impermissible; and (2) that to admit those charged with nonindictable offenses to a PTI program in certain counties but not in others similarly results in an equal protection deprivation.

We conclude that neither Rule 3:28, the Guidelines nor the Constitution requires that the opportunity for diversion from the conventional criminal justice system, via PTI, be made available to those charged with nonindictable offenses.

In New Jersey, whether a person charged with an offense is entitled to the protections afforded by indictment depends on whether the offense with which the person is charged is criminal. See N.J. Const. (1947), Art. I, para. 8. Misdemeanors and high misdemeanors are classified as crimes and proceedings against persons charged with such offenses must be by way of indictment. In re Buehrer, 50 N.J. 501, 517 (1967). In contrast, disorderly persons offenses and motor vehicle violations are considered petty offenses. N.J.S.A. 2A:169-4; State v. Macuk, 57 N.J. 1, 9 (1970). Although certainly penal in nature, infractions which fall "within the generic category of 'petty offenses'" are not, strictly speaking, criminal in nature, and, because the direct and collateral consequences of conviction are more "limited," those so charged may be tried without indictment. In re Buehrer, supra, 50 N.J. at 518. This distinction between indictable and nonindictable offenses has been a longstanding one in the jurisprudence of our State. See generally State v. Maier, 13 N.J. 235 (1953).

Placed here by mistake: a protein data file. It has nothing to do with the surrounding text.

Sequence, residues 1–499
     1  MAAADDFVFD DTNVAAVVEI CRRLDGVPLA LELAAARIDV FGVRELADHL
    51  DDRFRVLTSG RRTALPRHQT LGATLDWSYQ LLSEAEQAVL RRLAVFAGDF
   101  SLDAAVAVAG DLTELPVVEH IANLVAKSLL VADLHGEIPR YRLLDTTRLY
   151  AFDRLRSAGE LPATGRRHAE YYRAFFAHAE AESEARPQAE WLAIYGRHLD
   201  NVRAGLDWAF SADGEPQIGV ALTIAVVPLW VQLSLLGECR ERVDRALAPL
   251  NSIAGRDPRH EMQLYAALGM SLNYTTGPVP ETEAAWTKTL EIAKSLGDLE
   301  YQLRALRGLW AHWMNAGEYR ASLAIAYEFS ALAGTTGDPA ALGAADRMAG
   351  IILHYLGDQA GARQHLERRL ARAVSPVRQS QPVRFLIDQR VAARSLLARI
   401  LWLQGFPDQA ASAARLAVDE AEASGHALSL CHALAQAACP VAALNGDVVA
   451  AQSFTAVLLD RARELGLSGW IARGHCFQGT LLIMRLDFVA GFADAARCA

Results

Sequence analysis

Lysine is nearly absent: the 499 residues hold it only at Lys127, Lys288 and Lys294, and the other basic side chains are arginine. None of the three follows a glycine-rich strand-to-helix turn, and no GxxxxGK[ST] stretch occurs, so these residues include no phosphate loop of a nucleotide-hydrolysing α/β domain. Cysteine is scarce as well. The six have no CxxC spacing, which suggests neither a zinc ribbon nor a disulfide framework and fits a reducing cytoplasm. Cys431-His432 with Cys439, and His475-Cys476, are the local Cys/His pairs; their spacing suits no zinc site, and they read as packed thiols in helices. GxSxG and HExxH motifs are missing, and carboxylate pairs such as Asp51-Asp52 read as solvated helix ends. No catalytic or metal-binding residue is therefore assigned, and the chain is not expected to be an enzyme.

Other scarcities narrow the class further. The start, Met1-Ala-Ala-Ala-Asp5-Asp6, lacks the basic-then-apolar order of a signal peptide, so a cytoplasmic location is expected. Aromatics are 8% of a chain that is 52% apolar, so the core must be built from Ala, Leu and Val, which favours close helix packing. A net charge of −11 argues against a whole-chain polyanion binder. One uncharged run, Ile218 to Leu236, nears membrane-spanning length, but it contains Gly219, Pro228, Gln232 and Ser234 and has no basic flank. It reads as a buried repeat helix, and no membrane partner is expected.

A careful examination of Rule 3:28 and the accompanying Guidelines leads to certain relevant conclusions. First, as is set forth in a statement prefatory to the Guidelines, "every defendant who has been accused of any crime shall be eligible for admission into a PTI program." (Emphasis added). Substantially the same statement appears in Guideline 2 and in Guideline (3)(i). Thus anyone charged with an indictable offense is obviously eligible. No PTI program can make an exception to this rule.